Sly's garbled language in the induction to The Shrew establishes a pattern of conflation: Richard is conflated with William; the lines from different parts of The Spanish Tragedy and from A Shrew are joined together in a mosaic, and, finally, Sly conflates Hieronimo
It became such a well-known play that it developed a nickname, "Jeronimo" (after its protagonist Hieronimo
), and was much alluded to and parodied in dozens of dramas.
A large majority of the signals therefore consist of an enter and some combination of proper names (Hamlet, Faustus, Hieronimo
); titles or professions (queen, bishop, merchant); and generic types or collective nouns (army, citizens, others, servants, soldiers, women).
In the tragedy, the revenger-playwright Hieronimo
, who we indeed last hear of being led in triumph by the ghost of Andrea to "where Orpheus plaies," thus becomes in Hutson's reading--as judge, jury, and executioner, as well as dramatist--expressive of a union of popular and poetic modes of justice.
This kind of siege-warfare power is what The Return from Parnassus mocks in remarking that Marston "Brings the great battering ram of tearmes to towne." (11) The association of exalted diction with military force is not surprising: "At its core, then, Renaissance rhetoric is animated by a fantasy of power in which the orator, wielding words more deadly than swords, takes on the world and emerges victorious in every encounter." (12) Perhaps this explains why Tamburlaine's innovative stage rhetoric was ridiculed more widely and fiercely than any other model for imitation (Thomas Kyd's raving Hieronimo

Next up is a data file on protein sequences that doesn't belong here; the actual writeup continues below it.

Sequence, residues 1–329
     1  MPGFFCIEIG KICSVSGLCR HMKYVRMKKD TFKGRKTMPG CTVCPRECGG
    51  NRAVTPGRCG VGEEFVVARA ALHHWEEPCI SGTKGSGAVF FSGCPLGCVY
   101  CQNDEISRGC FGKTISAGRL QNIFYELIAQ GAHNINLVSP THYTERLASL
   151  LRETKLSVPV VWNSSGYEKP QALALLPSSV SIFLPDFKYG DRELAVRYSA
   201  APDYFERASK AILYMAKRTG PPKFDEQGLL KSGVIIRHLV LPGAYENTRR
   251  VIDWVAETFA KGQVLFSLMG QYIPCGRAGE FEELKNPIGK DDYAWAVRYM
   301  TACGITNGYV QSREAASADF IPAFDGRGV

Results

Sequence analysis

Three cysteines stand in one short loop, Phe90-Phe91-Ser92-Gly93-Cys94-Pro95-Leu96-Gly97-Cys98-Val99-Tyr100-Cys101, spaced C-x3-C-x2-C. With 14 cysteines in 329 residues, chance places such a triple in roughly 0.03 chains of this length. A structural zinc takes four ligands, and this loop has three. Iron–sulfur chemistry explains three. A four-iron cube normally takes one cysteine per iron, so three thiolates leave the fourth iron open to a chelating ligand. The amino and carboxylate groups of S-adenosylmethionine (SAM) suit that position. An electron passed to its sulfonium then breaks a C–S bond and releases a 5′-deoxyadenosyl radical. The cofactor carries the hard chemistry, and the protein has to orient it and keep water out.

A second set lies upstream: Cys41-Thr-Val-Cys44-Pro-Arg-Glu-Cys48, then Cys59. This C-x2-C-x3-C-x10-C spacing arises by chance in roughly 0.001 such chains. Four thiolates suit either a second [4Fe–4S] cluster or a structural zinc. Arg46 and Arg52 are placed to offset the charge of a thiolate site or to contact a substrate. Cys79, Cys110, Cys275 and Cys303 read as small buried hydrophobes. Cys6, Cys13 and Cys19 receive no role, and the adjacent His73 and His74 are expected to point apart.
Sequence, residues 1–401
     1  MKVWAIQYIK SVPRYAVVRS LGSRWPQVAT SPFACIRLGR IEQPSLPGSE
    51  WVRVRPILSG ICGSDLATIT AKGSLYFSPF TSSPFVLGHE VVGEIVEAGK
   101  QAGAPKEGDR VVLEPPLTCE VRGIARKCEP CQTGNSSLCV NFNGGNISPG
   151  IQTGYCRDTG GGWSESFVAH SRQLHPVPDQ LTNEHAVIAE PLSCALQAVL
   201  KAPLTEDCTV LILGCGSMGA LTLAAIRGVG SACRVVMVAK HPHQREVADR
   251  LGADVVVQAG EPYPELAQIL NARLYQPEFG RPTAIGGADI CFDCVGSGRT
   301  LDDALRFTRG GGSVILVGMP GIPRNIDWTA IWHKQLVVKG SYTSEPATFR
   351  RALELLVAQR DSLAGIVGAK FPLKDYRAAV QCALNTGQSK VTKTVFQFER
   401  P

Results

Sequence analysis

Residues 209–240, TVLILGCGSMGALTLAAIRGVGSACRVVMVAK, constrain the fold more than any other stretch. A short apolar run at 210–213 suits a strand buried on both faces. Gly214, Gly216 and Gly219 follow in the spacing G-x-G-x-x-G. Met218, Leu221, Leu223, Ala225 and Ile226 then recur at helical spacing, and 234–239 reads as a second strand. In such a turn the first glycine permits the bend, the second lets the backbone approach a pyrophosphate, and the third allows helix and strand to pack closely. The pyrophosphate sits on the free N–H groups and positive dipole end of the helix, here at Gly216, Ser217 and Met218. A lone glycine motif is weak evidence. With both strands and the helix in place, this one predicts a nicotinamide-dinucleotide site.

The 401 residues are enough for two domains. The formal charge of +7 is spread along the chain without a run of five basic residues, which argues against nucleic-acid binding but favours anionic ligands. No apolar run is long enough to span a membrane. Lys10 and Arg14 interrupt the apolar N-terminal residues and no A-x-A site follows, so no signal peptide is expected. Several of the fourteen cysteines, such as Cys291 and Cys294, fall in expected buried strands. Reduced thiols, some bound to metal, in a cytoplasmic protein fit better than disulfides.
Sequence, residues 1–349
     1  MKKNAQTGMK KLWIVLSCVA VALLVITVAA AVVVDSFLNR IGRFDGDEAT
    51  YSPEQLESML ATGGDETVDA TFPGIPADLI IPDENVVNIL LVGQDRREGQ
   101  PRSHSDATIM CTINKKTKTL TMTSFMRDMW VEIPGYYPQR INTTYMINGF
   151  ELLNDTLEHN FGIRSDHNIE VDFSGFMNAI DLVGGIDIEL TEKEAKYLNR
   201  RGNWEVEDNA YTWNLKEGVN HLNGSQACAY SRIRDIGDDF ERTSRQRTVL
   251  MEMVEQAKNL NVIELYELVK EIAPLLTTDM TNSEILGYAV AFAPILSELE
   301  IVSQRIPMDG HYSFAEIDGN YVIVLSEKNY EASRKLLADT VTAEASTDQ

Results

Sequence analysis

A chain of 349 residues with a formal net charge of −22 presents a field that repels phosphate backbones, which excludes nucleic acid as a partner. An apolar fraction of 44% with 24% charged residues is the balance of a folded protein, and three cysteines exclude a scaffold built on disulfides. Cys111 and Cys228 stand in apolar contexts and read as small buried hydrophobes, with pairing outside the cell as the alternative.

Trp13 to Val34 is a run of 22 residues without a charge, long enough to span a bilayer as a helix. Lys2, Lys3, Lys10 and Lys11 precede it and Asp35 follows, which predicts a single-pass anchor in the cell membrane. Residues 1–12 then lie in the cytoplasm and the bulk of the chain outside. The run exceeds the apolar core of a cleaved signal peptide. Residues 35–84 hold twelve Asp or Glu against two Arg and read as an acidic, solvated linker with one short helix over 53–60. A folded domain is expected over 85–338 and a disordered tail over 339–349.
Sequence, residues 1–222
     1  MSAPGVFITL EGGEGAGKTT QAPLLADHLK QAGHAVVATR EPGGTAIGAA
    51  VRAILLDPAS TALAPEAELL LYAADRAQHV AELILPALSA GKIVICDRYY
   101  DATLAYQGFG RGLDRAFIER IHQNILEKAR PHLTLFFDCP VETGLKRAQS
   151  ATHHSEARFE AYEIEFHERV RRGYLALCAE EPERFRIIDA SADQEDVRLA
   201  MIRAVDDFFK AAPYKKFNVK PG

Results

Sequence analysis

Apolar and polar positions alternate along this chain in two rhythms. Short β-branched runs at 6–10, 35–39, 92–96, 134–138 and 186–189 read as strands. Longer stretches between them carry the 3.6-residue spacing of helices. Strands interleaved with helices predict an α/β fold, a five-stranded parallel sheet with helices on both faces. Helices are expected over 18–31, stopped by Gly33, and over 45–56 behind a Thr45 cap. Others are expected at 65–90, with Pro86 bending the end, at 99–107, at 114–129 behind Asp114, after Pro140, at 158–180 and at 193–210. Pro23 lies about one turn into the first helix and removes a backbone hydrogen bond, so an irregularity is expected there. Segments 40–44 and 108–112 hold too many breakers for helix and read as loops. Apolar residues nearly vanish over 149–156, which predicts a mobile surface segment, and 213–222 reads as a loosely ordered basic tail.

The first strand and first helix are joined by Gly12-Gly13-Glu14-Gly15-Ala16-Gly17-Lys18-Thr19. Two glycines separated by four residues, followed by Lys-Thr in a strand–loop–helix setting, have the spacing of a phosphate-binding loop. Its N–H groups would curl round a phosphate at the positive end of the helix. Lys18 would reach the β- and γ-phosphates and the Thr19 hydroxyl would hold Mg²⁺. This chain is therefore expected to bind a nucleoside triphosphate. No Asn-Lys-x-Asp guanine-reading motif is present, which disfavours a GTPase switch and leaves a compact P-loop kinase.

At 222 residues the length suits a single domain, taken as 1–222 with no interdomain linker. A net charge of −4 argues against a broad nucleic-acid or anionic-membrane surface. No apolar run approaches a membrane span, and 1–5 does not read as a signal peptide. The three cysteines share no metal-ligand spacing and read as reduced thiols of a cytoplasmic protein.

is a distant second): it was associated, by plot, with the most extreme form of social climbing--a shepherd rising to emperor by sheer will and violence.
de Azevedo issued an order that no "infidel" would be able to marry at times of the year prohibited by the Church.
In sua vece, uscivano due ulteriori contributi con la trascrizione, tratta dal codice marciano, delle novelle di Julia e Pruneo e di Hieronimo
Thus, for example, glosses by Antonio da Tempo (Venice, 1477), Francesco Filelfo (Bologna, 1476), and Hieronimo
Squarzafico (Venice, 1484) present Petrarch as a civic humanist and defender of Milanese Ghibellinism; Giovanni Andrea Gesualdo (Naples, 1533) recreates the poet as the epitome of Castiglionesque courtiership; Bernardino Daniello (Venice, 1541) stresses Petrarch's classical erudition in terms which will inform Du Bellay's project in La Deffence et illustration de la langue francoyse; and Reformation commentators such as Antonio Brucioli (Ferrara, 1548) and Lodovico Castelvetro (Basel, 1582) cast Petrarch as a proto-Protestant, a model particularly attractive to, and, as Kennedy shows, readily adopted by, the Sidneys in England.
Once lampooned by Dekker as taking "mad Hieronimo
's part, to get service among the mimics," Ben Jonson offers a number of instructions to the boy players of Cynthia's Revels, among them an enjoinder not to play "with a dead imitation" (1.3).